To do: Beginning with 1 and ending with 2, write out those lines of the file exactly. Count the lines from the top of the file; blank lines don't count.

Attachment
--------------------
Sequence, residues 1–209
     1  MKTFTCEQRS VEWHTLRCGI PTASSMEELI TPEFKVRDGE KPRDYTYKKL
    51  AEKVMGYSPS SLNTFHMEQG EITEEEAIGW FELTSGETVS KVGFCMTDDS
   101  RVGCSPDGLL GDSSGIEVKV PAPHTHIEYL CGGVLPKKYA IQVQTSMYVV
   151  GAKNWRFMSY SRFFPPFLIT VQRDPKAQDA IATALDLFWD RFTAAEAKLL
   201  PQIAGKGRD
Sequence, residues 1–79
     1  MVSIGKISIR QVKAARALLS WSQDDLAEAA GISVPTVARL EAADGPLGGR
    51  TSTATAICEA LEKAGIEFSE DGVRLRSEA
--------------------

Sequence, residues 1–209
     1  MKTFTCEQRS VEWHTLRCGI PTASSMEELI TPEFKVRDGE KPRDYTYKKL